Day 67: India
This was supposed to be one of the “big days”. I was going to drive down to Artesia, known for its stretch of “Little India”, to stop into sweets shops, try a few different regional Indian restaurants and take pictures standing next to colorful wraps hanging down in store windows. But this Personal Food Project in Blog Form is most likely well into its second half. Options are dwindling and quite frankly, so is money. Driving distance, gasoline and the cost of the food itself is really starting to take its toll. I need to find some honest work quickly or I quite literally won’t be able to pay my rent at the end of the month. So I have to start picking my battles a little. There is still at least one very expensive and massive day coming up (China) and quite a lot of countries where the only real option is a pretty far drive. So, sadly, India has to take the hit. Tonight, with GirlfriendBites’s parents in town and offering to buy dinner, we go to a well regarded Indian restaurant very close to our house which specializes in Kerala, a south Indian regional cuisine.
Kerala cooking is said to be fairly spicy by Indian standards, and while that’s fine for GFB and me, her parents have a much lower tolerance. Our humble, smiley and very moustached server comes to take our order and I ask for recommendations on Kerala cooking. “Are you going to Kerala?” he asks.
“No,” I say. “I’ve just had a lot of other Indian food and would love to try it.”
“Oh,” he replies, now very pleased. “Our Kerala dishes are not on the menu. But here…”
He writes down some off-menu Kerala options and hands the piece of paper to me, then GFB and I discuss possibilities while her parents negotiate spice levels. Orders are placed and I sip salt lassi, enjoying it, but still longing for the delectable version from Pakistan Day. While waiting for our food we discuss how strange it seems that we haven’t had Indian food yet on the project. It’s not that we feel like we should have, but that we feel like we already have. Indian food is one of the most influential foods in the world and has spread (with some help from British colonialism) everywhere from Singapore to South Africa. I feel like I’ve eaten Indian food about twenty times already, and in some form, I probably have. The number of countries with Indian influenced curries, roti and the like is pretty staggering. So while, in a way, it feels like I’m hoodwinking India out of its day in the sun, in reality, the entire project has become a passionate dance to the love song that the world has already written about Indian food. It’s everywhere, and just about everybody loves it.
GFB’s mom works her way through a perfectly respectable chicken tikka masala (as GFB points out “Has anyone ever had a bad chicken tikka?”) while her dad eats kebab over a mountain of rice. But it’s the real Kerala food that has me excited. “Chicken roast”, which is a plate of on-the-bone nuggets of spicy fried chicken served with appam, a slightly sweet, thin and very stretchy white pancake made from fermented rice flour. The appam is also filled with tiny holes caused by bubbles when it is cooked, giving it an amazingly airy quality. The fried chicken nuggets are dark, spicy, juicy and crisp, but are also a lot of work to get off the bone, especially when you’re trying to put it inside your appam. But sometimes the extra work makes it taste better, and this stuff is really nice. It’s totally different from any other Indian food I’ve had, which makes me particularly happy.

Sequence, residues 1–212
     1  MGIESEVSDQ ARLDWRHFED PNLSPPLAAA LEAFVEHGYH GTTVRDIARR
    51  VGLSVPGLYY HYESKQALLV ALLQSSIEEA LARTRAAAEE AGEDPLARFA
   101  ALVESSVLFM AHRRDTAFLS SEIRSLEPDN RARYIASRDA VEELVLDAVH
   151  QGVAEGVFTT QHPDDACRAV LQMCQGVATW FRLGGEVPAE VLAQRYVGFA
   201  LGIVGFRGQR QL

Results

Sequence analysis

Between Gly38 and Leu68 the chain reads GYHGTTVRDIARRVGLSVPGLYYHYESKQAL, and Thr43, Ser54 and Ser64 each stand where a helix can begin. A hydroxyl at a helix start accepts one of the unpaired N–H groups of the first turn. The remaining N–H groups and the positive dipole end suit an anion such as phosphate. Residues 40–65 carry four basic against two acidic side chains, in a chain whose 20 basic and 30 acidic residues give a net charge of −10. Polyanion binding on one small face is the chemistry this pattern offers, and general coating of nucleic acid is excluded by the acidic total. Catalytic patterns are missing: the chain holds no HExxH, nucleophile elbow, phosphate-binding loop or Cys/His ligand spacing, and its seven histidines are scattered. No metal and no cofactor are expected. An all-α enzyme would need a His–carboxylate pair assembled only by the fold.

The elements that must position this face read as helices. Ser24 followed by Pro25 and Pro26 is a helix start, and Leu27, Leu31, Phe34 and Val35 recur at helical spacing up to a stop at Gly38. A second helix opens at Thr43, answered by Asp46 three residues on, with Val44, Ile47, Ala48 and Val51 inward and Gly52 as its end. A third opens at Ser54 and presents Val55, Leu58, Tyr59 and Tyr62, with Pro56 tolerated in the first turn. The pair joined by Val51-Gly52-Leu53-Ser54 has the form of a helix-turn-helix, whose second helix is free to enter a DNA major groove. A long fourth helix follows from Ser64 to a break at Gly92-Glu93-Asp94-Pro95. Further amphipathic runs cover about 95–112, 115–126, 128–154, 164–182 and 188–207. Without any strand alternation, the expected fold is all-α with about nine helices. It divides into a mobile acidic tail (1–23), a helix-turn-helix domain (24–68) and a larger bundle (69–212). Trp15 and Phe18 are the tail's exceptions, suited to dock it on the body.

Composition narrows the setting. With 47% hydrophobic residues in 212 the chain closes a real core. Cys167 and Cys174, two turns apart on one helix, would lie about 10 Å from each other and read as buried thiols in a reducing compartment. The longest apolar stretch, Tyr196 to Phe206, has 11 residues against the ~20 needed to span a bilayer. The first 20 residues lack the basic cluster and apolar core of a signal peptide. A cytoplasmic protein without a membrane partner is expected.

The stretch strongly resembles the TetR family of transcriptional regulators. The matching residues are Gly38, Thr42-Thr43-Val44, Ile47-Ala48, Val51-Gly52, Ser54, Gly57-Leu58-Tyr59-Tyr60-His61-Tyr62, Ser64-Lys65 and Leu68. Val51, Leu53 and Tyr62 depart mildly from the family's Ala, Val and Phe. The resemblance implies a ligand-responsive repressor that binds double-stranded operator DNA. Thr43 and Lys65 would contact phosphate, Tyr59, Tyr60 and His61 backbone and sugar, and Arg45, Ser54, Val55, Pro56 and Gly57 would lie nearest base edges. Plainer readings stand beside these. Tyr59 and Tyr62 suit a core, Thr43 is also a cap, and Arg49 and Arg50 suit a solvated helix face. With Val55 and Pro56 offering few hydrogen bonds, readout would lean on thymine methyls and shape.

Our other Kerala dish is a fish curry, to which GFB and I have somewhat opposite reactions. Large pieces of boneless fish, clung to by imported southern Indian tamarind and nestled into a thick orange-ish curry. GFB likes the fish, but thinks the curry is too intense, while I find the fish pieces to be a little dry and boring, but love the curry. Granted, the curry does take some getting used to. It’s creamy from the inclusion of coconut milk (a popular addition in Kerala cooking), slightly tart from the tamarind and has all of the flavor which abandoned the fish during cooking. I recommend taking a sip of the curry by itself to really appreciate its delicate and subtle flavors. This food is different, for sure, but since when is that a bad thing?
GFB and her parents start talking about the business (they all do work together) while I lean against the wall next to our booth and allow my mind to wander for a minute. Groups of happy Indians come and go, no doubt quite pleased that they’re able to come here to get a good Indian meal that’s not all the way down in Artesia. After all of the Indian inspired dishes I’ve come across thus far, eating them at food stands, fancier restaurants and hole-in-the-wall places alike, there’s something a little poetic about, once the day itself has arrived, being able to eat a really good version that’s right near my house. I mean, Indian food has spread to just about every corner of the globe, so why the heck not Culver City, right?
10406 Venice Blvd.
Culver City, CA 90232
Food Breakdown: 2 non-alcoholic beverages, garlic naan, 2 bread sides, 4 entrées
Distance From My House: 1.5 miles